Equitable Distribution of Debt

>Often times, when I meet with a new client, they will tell me that a parent, a sibling, great aunt, or good friend loaned the client and the spouse money that must be considered a debt to be repaid in equitable distribution. Many times, this was for a down payment for a house, or to get the couple through difficult financial period. The other party, just as often, takes the position that the “ loan” was really a gift. And so the games begin.

Generally, in the law, a gift has several elements. First the he donor must perform some act constituting the actual or symbolic delivery of the gift. Second, the donor must possess the intent to give. Third, the donee must accept the gift. There us also an additional element, which is the relinquishment by the donor "of ownership of the gift. A loan, on the other hand, is generally defined as The giving or granting of something, particularly a sum of money, to another, with the expectation that it will be repaid (typically with interest) or returned.

When comparing these in the context of a divorce, several questions come to mind. First, if the money was given when the parties purchased a home, was there a “gift letter.” This is very often required by the banks in order to make sure that the money is not a loan. If there is such a gift letter, this is often the end of the inquiry. On the other hand, if there are periodic payments to the person who gave the parties the money, then it may in fact be considered a loan for purposes of distribution. Continue Reading A Loan by Any Other Name Is a… Gift… To Be Shared

In light of the current economic crises plaguing our country, your home may be on the brink of foreclosure, or will be sold by way of a short sale. You may also have staggering credit card debt. Therefore, when entering into a property settlement agreement that involves debt forgiveness (i.e. foreclosure, short sale, and reduction in credit card debt) it is critical that you choose a matrimonial attorney that is aware of the tax consequences associated with debt forgiveness because the financial impact can be enormous.

Historically, debt that was forgiven or cancelled by a commercial lender must be included as income on your federal and state tax return and was taxable. For example, if the total amount of the mortgage debt immediately prior to the foreclosure was $220,000 and the fair market value of the property was $200,000, the amount of the debt forgiven, $20,000, was treated as taxable income. Unless of course the borrower qualified for an exception under the Federal Tax Code, i.e., bankruptcy, insolvency, certain farm debt, and non-recourse loans.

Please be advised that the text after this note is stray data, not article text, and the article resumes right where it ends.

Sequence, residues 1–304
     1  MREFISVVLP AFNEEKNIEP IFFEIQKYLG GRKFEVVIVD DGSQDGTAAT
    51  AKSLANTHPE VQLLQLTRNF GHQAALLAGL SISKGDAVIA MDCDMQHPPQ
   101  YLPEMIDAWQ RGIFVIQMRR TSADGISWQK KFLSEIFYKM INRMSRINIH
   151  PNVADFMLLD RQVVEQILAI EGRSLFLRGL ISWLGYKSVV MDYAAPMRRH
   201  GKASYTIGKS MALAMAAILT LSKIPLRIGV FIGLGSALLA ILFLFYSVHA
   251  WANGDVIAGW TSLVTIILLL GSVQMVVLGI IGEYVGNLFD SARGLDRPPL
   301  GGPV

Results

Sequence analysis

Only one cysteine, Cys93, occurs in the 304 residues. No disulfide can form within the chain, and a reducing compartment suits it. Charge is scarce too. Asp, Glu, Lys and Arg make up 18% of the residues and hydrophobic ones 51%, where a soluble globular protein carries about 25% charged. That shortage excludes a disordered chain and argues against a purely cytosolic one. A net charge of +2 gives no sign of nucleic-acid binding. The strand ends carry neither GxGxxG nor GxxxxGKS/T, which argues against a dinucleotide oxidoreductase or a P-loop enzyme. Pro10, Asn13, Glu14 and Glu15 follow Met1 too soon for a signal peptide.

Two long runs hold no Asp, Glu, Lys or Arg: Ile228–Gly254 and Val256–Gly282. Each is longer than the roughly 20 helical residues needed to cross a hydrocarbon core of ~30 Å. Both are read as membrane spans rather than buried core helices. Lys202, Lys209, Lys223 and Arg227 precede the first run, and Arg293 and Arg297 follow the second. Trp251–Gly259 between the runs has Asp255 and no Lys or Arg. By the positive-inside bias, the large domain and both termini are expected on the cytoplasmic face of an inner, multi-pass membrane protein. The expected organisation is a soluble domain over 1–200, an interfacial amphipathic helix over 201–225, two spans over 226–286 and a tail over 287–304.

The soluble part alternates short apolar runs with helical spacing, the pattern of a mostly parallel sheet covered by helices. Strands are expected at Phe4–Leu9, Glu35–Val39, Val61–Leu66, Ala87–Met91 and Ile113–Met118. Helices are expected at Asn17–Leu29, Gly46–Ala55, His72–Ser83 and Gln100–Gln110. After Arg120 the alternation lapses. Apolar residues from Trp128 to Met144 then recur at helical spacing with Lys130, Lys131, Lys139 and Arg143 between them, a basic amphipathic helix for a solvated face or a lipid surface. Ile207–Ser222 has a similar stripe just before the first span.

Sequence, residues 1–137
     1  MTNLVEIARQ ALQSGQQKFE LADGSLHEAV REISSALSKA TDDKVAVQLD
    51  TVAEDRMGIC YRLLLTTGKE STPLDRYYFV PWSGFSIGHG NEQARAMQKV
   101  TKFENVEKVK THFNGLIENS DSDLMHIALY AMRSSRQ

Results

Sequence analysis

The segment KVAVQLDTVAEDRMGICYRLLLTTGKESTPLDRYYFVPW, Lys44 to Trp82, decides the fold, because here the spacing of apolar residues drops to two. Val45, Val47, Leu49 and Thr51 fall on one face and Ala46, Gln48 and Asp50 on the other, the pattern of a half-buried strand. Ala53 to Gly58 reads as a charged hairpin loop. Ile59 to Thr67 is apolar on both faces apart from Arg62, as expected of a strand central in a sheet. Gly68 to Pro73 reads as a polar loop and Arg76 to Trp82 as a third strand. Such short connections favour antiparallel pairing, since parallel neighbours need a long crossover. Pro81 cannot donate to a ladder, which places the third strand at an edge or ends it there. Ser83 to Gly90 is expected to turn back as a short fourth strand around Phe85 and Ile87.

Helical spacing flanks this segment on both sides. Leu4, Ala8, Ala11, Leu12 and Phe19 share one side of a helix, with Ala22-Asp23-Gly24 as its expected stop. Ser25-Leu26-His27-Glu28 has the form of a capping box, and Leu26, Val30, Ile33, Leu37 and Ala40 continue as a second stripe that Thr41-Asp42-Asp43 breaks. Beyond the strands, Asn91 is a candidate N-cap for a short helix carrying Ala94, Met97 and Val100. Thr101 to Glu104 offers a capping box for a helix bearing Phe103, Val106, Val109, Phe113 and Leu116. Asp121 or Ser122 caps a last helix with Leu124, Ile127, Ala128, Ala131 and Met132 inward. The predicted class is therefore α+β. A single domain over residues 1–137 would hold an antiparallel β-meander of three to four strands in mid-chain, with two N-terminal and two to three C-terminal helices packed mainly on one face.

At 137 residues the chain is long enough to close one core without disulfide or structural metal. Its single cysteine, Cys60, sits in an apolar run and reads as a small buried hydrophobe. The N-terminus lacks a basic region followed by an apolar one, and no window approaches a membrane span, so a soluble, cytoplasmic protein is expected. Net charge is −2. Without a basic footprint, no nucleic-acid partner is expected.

On December 20, 2007, the Mortgage Debt Relief Act of 2007 (hereinafter referred to as “the Act”) was enacted. Said Act provides financially strapped homeowners with some relief in connection with treating debt forgiveness as income. Generally, the Act allows exclusion of income realized as a result of modification of the terms of the mortgage, or foreclosure on a principal residence that occurred in 2007, 2008 or 2009. Moreover, there is no dollar limit if the principal balance of the loan was less than $2 million ($1 million if married filing separately for the tax year) at the time the loan was forgiven.Continue Reading Debt Forgiveness: Watch Out for the Tax Consequences

In the recent unpublished Appellate Division matter of McDermott v. McDermott, A-0631-07T1, Decided February 20, 2009, the Appellate Division remanded the matter to the trial court for further proceedings on the amount of loans taken during the marriage from plaintiff’s family and the distribution of responsibility for repayment of those loans.

The parties were married for nearly 30 years.  Plaintiff/husband was an attorney with a solo practice and defendant worked at his office for many years, helping to raise their five children and eventually finding employment outside the home with a local school district.  During the marriage, the parties primarily relied upon the income earned from plaintiff’s law practice.  This income fluctuated throughout the years, in part due to the economy and in part due to plaintiffs bouts of depression.

During the 15 day trial in this matter, testimony was offered that during the course of the marriage, plaintiff made some unilateral decisions with regards to the parties’ finances, including taking loans from his family and purchasing property without notifying defendant, who only found out during trial.  Defendant claimed that she only knew of very few of the loans given by plaintiff’s family, however evidence submitted at trial indicated otherwise.  Plaintiff’s sister offered credible testimony that the total amount of loans given was $283, 398.50 of which only $6,300 was repaid.

After the trial, the trial judge issued a written decision, which in part, obligated defendant to repay plaintiff’s sister the amount of $57,165.31 as her share of loans made to the marital partnership; valued plaintiff’s law practice at $100,000 of which defendant was entitled to half; compelled plaintiff to pay $2,000 per month in limited duration alimony for a period of 6 years; and ordered plaintiff to pay $49,000 of the $80,202.70 counsel fees incurred by defendant in the divorce litigation.Continue Reading Appellate Division Says More Information Needed To Determine Division of Debt